The discovery of the hit list early in 2012 sparked a police investigation, and roughly one-third of Bellbrook students skipped school out of fear, according to an article in the Dayton Daily News.

More from NBC News:

As investigators attempt to piece together why a 24-year-old man opened fire outside a popular Dayton bar, people from his past point to hit lists, violent threats and a fascination with shootings that they now say were clearly red flags. . . .
“He would have known that his actions were deplorable,” Adelia Johnson, 24, said about the man she dated earlier this year.
The pair met in a psychology class at Sinclair Community College in Dayton and bonded over their shared struggle with mental illness, she said.
They began dating this spring — a brief relationship punctuated by peculiar moments that at first Johnson shrugged off.
On one date, he took her to shoot a rifle. He often brought up mass murders when they spent time together, Johnson told “Today.”
Johnson said that he performed with an extreme heavy metal band known for sexually violent lyrics.
On their first date, she said, he showed her body camera video from a mass shooting at a synagogue. Another time, he asked her to accompany him as he tried to drop off an anonymous letter to an ex-girlfriend. The letter’s message — “You can’t escape your past” — unnerved her, she said.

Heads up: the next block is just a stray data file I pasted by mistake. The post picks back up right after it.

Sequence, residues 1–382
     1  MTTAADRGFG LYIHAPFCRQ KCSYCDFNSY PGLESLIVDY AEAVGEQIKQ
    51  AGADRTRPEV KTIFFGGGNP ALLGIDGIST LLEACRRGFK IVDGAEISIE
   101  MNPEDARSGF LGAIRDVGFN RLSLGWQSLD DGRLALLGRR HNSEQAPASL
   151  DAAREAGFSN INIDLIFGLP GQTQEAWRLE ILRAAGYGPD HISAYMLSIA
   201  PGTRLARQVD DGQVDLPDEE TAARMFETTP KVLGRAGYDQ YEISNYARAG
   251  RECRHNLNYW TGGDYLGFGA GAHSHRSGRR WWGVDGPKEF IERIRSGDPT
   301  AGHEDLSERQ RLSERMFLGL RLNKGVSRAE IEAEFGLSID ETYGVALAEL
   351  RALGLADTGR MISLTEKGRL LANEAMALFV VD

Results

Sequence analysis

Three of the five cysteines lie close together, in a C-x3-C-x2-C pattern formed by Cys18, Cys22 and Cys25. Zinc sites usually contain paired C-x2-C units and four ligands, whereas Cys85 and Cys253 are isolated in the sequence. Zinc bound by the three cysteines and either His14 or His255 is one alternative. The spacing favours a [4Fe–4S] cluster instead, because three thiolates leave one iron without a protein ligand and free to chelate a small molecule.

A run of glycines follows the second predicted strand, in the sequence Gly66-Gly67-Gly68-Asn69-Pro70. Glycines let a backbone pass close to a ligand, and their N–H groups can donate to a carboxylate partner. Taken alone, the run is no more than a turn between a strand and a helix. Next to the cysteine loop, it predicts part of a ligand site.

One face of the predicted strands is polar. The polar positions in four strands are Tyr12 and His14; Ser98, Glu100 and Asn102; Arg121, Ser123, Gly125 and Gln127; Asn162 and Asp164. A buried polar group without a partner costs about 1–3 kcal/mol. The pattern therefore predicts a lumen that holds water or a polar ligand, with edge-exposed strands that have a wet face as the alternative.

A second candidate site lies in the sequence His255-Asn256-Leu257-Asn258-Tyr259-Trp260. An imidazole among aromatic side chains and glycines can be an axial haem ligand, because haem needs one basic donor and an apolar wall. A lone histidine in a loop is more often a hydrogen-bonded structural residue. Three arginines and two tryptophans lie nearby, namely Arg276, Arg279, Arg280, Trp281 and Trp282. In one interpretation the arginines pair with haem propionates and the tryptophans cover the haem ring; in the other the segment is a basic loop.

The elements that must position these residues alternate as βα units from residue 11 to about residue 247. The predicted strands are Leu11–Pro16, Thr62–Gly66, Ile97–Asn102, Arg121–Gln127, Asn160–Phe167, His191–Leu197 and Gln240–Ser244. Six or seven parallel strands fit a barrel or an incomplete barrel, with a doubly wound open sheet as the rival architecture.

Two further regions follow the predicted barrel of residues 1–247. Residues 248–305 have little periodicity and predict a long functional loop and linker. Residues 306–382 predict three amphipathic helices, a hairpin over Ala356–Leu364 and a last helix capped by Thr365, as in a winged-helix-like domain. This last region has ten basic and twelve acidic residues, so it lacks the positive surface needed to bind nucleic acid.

His fixation on the ex, Johnson said, “was the final red flag.”
“All of the other ones,” she said, “those could be written off as something else.”
She ended the relationship through a text message and said she told friends she was scared by his actions.

Oh, they “bonded over their shared struggle with mental illness.” Because no sane person would have dated this scary weirdo:

The Ohio madman who slaughtered nine people and wounded at least two dozen others in Dayton’s nightlife district had heard menacing voices in his head since he was young, and talked about “dark, evil things,” his ex-girlfriend said.
Connor Betts, 24, was a serious and reserved kid who struggled with hallucinations, Lyndsi Doll, who dated Betts seven years ago, told the Washington Post Monday.
During their high school years, Betts had told Doll he’d long suffered from psychosis and feared developing schizophrenia.
“He would cry to me sometimes,” Doll recalled, “saying how he’s afraid of himself and afraid he was going to hurt someone one day. It’s haunting now.” . . .
Her friends had warned her about his aggressiveness in previous relationships — pushing one ex-girlfriend into a roaring river and screaming at another while pinning her against a wall, she shared.
Despite that, she grew to trust him, and the pair bonded over their shared mental health struggles. Doll had suffered from anxiety and depression, she said.
As time went on, though, Doll started to realize that Betts was in desperate need of professional help, and talked often about “dark, evil” things he was hearing in his head, she told the paper.

So, this makes at least two girls he dated with whom he “bonded over their shared mental health struggles.” Every crazy girl in Dayton, Ohio, was magnetically attracted to this psychotic freak, I guess.

Did I mention he was pro-Antifa and a registered Democrat who expressed support of Bernie Sanders and Elizabeth Warren?

And there are millions of these Bernie voters out there.

Be afraid. Be very afraid.